i at least got to walk her streets once.
i doubt i’ll ever get to return. not being pessimistic. simply realistic.
i don’t have that kind of money.
my late sister~in~law chris was sent there on a special project once.
the marine was going to spend a week there just to see her
during the duration of her assignment.
i shamelessly invited myself along.
they kindly… VERY kindly allowed me to meet them there.
i arrived at gatwick. met the marine and we took the train into london.
it was my birthday as it turned out.
i had what was left of a horrendous case of bronchitis.
the flight made me totally deaf for a few hours after i landed.
small price to pay for getting to set foot in england.
i know it’s the u.k.
but to me it is forever england.
we had a two storey townhouse in mayfair.
two bedrooms and bath and kitchen and
lovely living room with extra large windows that opened onto
st james’s street.
never in a million years could i have afforded that!!!
i didn’t sleep in the guest bedroom.
i slept on the floor under one of the living room windows.
i kept it open. it was summer.
i would lie there in wonderment that i was actually THERE!
and i listened to all the people in the night . . . eating and clinking glasses
in the lovely restaurant below our townhouse. it had outdoor tables.
i would drift happily off to sleep thinking of all the happy people.
the marine and i would walk all over london during the days.
then at night i would stay ‘home’ and give the two of them time to themselves.
although one evening we took a taxi and attended
‘phantom of the opera’ at the queen’s theater.
the famous london taxi.
nothing like it.
it shines like the finest ebony.
dove grey carpet and upholstered seats.
a glass partition between the riders and the driver.
it was immaculate. inside and out.
it was like stepping into a miniature rolls royce.
the driver wore a suit and tie.
when we got in and out ~ he held the door.
a pride in his job. in his cab. in his life.
beautiful and inspiring to see.
yellow cabs of new york? are you hearing this?
what am i saying? not just in new york! ANY city cabs in america!!!
or . . . in most other cities of the world for that matter!
the marine and i visited and ate our lunch in every park in london.
we sat in the shade on beautiful benches under huge plane trees.
watched ducks in the pond . . . strolled in the park designed for king henry the eighth.
the only ‘touristy’ thing we did was visit the tower of london.
i climbed the stairs and saw where the two little princes were murdered.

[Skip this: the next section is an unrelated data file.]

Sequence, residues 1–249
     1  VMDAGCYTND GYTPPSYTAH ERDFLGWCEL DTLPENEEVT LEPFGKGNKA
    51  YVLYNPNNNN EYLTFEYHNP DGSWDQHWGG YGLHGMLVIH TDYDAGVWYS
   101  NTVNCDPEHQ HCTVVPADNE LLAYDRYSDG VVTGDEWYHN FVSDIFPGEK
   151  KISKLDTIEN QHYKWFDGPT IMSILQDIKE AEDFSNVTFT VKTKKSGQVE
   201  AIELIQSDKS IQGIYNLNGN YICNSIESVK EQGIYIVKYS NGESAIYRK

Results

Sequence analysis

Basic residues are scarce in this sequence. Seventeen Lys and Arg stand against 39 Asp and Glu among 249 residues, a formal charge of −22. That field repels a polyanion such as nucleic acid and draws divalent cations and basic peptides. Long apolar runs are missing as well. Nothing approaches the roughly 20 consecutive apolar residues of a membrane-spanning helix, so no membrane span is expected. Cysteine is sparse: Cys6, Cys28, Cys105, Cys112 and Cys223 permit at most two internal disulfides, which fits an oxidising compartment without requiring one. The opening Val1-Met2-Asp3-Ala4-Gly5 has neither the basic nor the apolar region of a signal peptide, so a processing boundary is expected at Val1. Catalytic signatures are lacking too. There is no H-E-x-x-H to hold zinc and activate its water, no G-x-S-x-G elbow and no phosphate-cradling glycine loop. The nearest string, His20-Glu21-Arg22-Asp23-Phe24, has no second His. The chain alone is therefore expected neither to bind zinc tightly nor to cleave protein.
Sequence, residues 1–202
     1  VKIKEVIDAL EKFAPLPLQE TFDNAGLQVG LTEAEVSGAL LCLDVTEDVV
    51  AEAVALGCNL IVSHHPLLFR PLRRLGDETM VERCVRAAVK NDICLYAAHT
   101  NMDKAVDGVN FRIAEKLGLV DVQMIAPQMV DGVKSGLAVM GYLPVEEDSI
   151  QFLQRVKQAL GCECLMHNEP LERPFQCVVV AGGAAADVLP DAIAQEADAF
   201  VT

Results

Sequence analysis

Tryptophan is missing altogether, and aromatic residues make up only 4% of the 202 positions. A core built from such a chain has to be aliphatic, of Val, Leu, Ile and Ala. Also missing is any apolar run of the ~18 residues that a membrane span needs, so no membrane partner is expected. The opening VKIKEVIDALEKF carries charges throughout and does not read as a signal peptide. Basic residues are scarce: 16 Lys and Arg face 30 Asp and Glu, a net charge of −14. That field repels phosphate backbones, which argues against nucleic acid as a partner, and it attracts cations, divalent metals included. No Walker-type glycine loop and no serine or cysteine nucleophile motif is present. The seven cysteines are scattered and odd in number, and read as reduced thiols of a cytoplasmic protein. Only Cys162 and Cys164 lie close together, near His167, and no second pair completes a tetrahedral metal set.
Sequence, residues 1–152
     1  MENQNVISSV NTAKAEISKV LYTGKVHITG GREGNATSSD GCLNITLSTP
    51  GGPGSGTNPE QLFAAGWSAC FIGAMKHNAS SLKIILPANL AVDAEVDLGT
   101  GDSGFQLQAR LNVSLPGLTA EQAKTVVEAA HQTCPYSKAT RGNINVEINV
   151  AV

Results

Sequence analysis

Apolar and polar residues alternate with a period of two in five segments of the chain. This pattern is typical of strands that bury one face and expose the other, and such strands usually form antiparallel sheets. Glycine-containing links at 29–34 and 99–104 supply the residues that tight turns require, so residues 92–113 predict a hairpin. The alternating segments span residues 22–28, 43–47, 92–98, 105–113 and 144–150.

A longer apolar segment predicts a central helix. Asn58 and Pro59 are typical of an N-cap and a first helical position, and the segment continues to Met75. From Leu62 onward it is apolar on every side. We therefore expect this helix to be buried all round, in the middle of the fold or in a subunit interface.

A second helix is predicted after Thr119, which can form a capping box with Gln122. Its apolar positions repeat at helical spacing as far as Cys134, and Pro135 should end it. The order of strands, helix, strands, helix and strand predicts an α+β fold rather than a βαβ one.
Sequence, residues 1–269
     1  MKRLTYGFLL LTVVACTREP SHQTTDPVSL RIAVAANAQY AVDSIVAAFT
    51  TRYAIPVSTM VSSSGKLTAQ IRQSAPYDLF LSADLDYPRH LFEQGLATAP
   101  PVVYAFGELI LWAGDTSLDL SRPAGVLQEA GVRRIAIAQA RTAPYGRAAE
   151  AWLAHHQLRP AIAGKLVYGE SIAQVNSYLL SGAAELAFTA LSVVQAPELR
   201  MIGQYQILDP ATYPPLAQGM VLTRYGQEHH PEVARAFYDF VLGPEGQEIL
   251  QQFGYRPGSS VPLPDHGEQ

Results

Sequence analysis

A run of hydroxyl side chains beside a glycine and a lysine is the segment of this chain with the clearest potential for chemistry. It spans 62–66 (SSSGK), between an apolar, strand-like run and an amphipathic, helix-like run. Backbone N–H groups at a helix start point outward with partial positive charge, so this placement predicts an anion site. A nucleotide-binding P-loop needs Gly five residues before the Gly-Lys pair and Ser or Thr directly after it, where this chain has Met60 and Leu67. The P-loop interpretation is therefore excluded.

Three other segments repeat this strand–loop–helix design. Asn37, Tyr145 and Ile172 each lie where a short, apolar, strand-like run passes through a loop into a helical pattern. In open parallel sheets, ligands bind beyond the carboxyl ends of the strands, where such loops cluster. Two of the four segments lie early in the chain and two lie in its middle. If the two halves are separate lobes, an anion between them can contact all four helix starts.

when i think of london i think of the spirit of the english people.
we only ‘think’ we know about suffering and trauma. we have never known it.
well. perhaps the closest we’ve come was during our own civil war.
that was horrific. but i mean of late. in the eras of our own lifetime.
we are only lately getting a teeny tiny taste of true devastation.
i mean that kind of devastation on our own home soil.
we have been fortunate in that regard.
the english people of London
in world war two
endured valiantly and stoically and courageously . . .
consecutive days and nights. that’s 57 straight days and nights!
of BOMBS falling everywhere in their city and outlying areas.
my mind has trouble comprehending that number of no let~up.
reading that is one thing.
we’ve all heard about it. perhaps learned about it in school.
the great london blitz.
or maybe we saw some old film footage of it.
to truly realize what it’s saying . . . is something else.
almost 2 solid months
of constant bombing day and night with no respite.
that is simply unbelievable to me.
yes. the famous ‘london blitz.’
the blitz of unending terror.
the constant blasting roar of bombs. the fires everywhere and the suffocating smoke.
the stench of death.
the knowledge that no place was safe.
except maybe the subways. the overcrowded subways that served as
and yet. they carried on.
they stayed calm and they carried on.
for as far as the eye could see. devastation. death. debris.
we could take a lesson from their amazing ability to withstand
the evils set upon them.
the deadly explosions continued
all day every day
for 57 straight days. demoralizing.
but the english people did not give up.
the london blitz lasted over an entire period of 267 days.
that’s almost 37 weeks. the better half of a full year.
this resilient people rose up.
the city of london was rebuilt.
she is more glorious now than she ever was.
like all cities in the world today
london has her problems.
unemployment. silly politicians. homelessness. high cost of living.
but to me
london is home. i felt at home there. odd.
maybe something in my dna. a faint drop of englishness in my past.
well. a fact. a lot more than a drop actually. both sides of my parentage.
but why should it feel so strong?
it has and it continues.
if i ever get to go again. one should never say never after all.
in spite of how i started this post!
if i ever get to go again ~ this time i should like to visit the english villages
and the countryside.
until then . . . i will read about london. and linger over her pictures . . .
and absorb her beauty and grace.
and admire the wonderful english spirit and humor
and remember that one day many years ago . . .
i was privileged to walk her streets.
til soon old bean!